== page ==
When investing in real estate there are a myriad of factors to consider.  Should one of the factors be death rates?  Ironically, I’m not talking about crime statistics.

There was a recent article in a Ski town newspaper (Steamboat Pilot) highlighting the number of deaths at each ski resort.  Why is this critical information to any real estate investor? I had always thought that ski town deaths were random events; this is not the case at all.  Is there  a correlation to a particular location/resort.  Looking at the table I quickly changed my thinking.  One county jumped off the page.  Summit county had the largest number of deaths; almost twice any other county in Colorado.  This isn’t all that surprising since they are the busiest resort in Colorado.  What really stood out was that they also had one of the highest percentage of deaths of skier visits in Colorado.   One ski area had five times the likelihood of death compared to other popular ski areas in the state. This information is definitely left out of the resort marketing materials!

This brings up an interesting question.  Should this information impact your real estate investing decision?  A prudent investor when evaluating a property/market should not only consider what is happening in the market today but also where the market is heading (future trends).  In a ski town market the largest economic driver is obviously skiing tourism.  Although summer tourism is increasing, it is still only a small share of the revenue generated from skiing.

With skiing the largest revenue driver in many of the resort towns, the next question is will consumer habits change as a result of information on deaths?  Will consumers choose alternate locations to spend their disposable income? Will vacations now be spent at the beach or on a cruise where consumers feel “safer”?  For example, as a father of two, if I knew that there was one resort with nearly five times the probability of death than another resort close by, I would likely choose an alternate location on another activity for my family.  If a significant number of other consumers made similar choices the resort and the community would be impacted due to lower visitation, lower spending, etc…

Do I think Summit County and one resort in particular will fall off a cliff as a result? Absolutely not.  But, this could lead to less appreciation than other comparable areas in the future if consumers vote with their wallets on their vacation choices.  What should you do?  Investing in real estate is full of unknown risks; the objective of real estate investing is to mitigate risk while maximizing return. If you are looking at a ski town investment, the information on death rates should be factored in since it is a risk and could influence future appreciation.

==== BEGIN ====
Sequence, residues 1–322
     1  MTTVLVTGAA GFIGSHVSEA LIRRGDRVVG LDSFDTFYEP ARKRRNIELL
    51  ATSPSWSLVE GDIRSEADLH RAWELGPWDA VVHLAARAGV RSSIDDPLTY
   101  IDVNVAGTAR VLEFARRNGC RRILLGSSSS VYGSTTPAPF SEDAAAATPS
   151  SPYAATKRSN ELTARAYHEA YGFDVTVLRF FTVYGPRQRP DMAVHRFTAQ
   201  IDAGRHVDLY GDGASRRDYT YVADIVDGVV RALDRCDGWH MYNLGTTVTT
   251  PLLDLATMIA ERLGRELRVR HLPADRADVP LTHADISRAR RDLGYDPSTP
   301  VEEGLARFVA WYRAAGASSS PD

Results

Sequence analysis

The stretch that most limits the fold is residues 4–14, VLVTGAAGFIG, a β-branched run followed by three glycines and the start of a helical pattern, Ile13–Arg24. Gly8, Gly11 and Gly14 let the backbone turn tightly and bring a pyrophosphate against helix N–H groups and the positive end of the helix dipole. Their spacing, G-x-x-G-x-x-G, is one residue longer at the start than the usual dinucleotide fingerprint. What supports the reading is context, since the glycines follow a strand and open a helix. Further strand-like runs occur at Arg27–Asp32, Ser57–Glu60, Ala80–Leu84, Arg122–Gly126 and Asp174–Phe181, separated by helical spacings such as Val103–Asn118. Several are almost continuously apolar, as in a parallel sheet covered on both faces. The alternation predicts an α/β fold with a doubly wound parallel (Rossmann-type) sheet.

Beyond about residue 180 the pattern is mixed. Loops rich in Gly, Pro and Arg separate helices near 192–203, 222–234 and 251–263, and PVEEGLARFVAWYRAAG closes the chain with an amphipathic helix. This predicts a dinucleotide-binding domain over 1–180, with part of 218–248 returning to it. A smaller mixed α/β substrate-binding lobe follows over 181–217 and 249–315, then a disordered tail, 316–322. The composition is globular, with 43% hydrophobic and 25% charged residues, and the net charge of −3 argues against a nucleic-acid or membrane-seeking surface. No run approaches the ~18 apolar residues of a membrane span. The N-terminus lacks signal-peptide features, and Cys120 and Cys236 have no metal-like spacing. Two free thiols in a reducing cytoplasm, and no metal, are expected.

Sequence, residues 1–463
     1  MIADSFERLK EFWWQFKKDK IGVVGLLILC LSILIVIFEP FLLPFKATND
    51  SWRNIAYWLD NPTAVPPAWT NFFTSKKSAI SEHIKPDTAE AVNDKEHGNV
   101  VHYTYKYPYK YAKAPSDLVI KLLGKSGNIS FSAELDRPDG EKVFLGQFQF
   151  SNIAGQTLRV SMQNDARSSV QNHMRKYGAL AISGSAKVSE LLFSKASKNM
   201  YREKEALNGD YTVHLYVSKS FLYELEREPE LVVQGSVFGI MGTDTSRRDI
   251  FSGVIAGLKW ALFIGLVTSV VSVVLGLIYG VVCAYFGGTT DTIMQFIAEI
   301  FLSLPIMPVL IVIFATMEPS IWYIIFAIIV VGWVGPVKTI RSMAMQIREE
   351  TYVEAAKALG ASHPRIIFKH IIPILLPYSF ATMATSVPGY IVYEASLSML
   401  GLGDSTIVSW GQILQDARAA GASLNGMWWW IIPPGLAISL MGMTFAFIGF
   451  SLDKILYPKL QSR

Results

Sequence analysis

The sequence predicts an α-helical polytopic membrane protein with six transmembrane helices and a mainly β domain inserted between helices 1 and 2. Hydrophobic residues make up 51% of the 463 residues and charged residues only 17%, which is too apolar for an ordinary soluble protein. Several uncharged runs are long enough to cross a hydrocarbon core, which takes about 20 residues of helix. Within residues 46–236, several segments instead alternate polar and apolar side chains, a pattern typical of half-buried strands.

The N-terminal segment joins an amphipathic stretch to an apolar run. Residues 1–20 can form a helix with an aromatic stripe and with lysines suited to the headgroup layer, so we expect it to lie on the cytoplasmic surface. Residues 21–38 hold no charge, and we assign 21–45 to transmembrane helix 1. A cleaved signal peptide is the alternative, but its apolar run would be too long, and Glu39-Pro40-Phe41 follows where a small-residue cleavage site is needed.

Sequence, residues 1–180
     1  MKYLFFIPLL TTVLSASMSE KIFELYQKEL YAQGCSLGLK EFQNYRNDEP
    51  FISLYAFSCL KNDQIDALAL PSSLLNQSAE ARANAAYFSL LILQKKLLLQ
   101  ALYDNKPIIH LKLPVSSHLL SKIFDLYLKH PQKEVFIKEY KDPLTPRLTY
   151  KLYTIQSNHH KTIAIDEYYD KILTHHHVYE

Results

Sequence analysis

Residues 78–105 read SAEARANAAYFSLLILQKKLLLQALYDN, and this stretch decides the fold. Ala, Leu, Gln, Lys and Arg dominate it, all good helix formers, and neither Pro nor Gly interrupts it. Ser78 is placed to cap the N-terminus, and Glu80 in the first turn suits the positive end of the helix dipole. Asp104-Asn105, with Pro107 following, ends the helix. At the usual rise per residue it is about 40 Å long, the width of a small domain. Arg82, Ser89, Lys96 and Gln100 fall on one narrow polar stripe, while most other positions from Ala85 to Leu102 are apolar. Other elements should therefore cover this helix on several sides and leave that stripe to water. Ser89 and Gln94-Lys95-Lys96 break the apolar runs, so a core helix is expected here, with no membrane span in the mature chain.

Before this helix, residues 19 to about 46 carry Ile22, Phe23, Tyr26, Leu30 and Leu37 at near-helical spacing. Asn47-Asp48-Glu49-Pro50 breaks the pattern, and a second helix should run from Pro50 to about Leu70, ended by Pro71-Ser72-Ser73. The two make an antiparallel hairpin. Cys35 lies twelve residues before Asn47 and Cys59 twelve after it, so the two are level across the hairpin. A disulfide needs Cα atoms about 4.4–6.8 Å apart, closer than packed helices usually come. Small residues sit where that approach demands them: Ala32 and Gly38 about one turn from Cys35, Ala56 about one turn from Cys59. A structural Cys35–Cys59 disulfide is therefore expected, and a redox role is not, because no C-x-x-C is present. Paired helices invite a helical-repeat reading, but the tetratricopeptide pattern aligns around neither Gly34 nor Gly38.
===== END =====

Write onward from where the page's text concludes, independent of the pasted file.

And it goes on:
This month, the 130th death on a slope in Colorado happened.  Do you want this advertised in the marketing materials for your vacation rental property/mountain investment?


Steamboat Pilot: http://www.steamboattoday.com/news/2017/apr/23/whiteout-hidden-figures-human-toll-colorados-ski-i/


Written by Glen Weinberg, COO/ VP Fairview Commercial Lending.  Glen has been published as an expert in hard money lending, real estate valuation, financing, and various other real estate topics in the Colorado Real Estate Journal, the CO Biz Magazine, The Denver Post, The Scotsman mortgage broker guide, Mortgage Professional America and various other national publications.


Fairview is a hard money lender specializing in private money loans / non-bank real estate loans in Georgia, Colorado, Illinois, and Florida. They are recognized in the industry as the leader in hard money lending with no upfront fees or any other games. Learn more about Hard Money Lending through our free Hard Money Guide.  To get started on a loan all they need is their simple one page application (no upfront fees or other games).